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Award-Winning Cartoonist Keith Knight Talks Hulu Show ‘WOKE’ and Discusses the Pressures to Tell Black Stories

Black cartoonist Keef Knight, played by actor Lamorne Morris, is on the verge of mainstream success. Throughout his career, Keef has proceeded with caution regarding sensitive topics in an effort not to take controversial stances. However, his perspective suddenly changed after an unexpected encounter with an overaggressive police officer left him traumatized. Shortly afterward, Keef discovered that he could now see and hear inanimate objects talk to him. 

Now more sensitive to racism and the everyday microaggressions he’d tried so hard to avoid acknowledging in every situation, Keef must now figure out how to uphold his relationships and a career as a new socially conscious Black man in the new Hulu series “WOKE.” 

Series co-creator Keith Knight, an award-winning artist best known for his comic strip “The K Chronicles,” recently spoke by phone with Atlanta Black Star to talk about his new show. Knight revealed that “WOKE” is partially inspired by his life and work as a cartoonist living in San Francisco, California.

“I’ll just tell you what it is,” he began. “I was profiled by the police, but the eye-opening part of it was my white roommate getting up in the cops’ faces and them not doing anything. That was like the real moment that shocked me,” he explained. “It’s not that I didn’t know, but when you see [it] happen right in front of you, you go, ‘Oh, this is the thing I’ve been hearing about.’”

“WOKE” co-creator Keith Knight talks about his new show on Hulu and telling Black stories. (Photo: Allied Global Marketing)

Knight talked about the inspiration behind “WOKE,” jokingly claiming that he needed to get another gig, so he tried his hand at developing something for television. “I just felt like I had some good stories and good sensibility that translated well,” the Boston native said. “I moved out from San Francisco down to L.A. to try to make it happen.”

Knight explained that throughout his journey in creating the show, he ran into a network of individuals that would ultimately help him get his project in Sony executives’ hands. “I just felt like my work translated well to the small screen, and luckily I got together with some really great people and writers, and everybody’s been really cool,” he said.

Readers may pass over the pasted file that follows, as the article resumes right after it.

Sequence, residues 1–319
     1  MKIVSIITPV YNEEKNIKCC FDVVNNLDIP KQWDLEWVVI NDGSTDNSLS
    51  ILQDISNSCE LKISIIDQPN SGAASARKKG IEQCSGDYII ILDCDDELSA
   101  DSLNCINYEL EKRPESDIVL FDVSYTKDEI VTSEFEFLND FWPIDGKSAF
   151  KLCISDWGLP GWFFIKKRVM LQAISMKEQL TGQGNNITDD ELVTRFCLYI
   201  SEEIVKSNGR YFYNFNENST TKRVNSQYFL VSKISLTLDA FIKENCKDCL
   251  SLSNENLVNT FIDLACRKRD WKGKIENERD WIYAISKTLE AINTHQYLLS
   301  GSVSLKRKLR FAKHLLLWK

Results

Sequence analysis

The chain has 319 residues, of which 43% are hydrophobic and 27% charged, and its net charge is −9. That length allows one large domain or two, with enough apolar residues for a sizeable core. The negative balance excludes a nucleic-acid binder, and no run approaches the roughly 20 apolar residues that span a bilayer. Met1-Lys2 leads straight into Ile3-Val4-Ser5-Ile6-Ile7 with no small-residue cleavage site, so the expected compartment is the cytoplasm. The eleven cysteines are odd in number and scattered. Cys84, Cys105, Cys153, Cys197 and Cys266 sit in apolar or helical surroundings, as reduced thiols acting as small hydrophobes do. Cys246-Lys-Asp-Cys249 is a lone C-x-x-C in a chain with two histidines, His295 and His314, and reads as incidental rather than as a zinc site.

When asked if he ever felt pressured to tell stories that spoke to the current social climate or the culture, Knight revealed that his focus was more on telling his own story, a method he feels that all storytellers should follow.

“I think, more importantly, it’s important to tell your story. If you could tell your own authentic story, I think it’s a positive thing, and I don’t think anyone’s story’s so unique that it wouldn’t resonate with a lot of other people,” he expressed. “I’ve always found that when I create something, I’m creating something that I personally want to see. So, I create comics that I would want to read, and that’s how I’ve always moved forward.” He added, “But I just feel like if I do that, if I can amuse myself, if I can make myself think if I can make myself go, ‘Yeah. Wow.’ That, ‘yeah, I can relate to that,’ I just feel like a lot of other people would be able to do that.” 

Viewers have seen examples of Knight’s approach in film and television shows like HBO’s “Insecure” or Starz’s “P-Valley.” Still, the rate at which newer and more diverse stories surrounding the Black experience emerge doesn’t appear to suffice.

“We would love to see more stories that aren’t couched in oppression. I would love to see more stories that are just about fun and joy and adventure,” Knight said. He added, “I can’t say it’s the only way it’s going to change, but we need people that look like us in positions of power in Hollywood as the gatekeepers. And it’s not just everyday stuff, but even just like fantasy, you know. I want to see a Harry Potter where the lead is a Black kid. I think that’s the biggest thing for me is just seeing Black leads in all sorts of different situations.”

With “WOKE,” Knight hopes that viewers laugh despite its dramedy label. “I want people to laugh, and then I want people to think,” Knight said. “I want people to just consider acting and do something when stuff like this [racial injustices] happens. Call stuff out.”

WOKE was co-created by Knight and Marshall Todd, who also serve as executive producers alongside several others. The show stars Lamorne Morris, T. Murph, Blake Anderson, and Sasheer Zamata. The show is available for streaming now on Hulu. Be sure to check out the trailer below.

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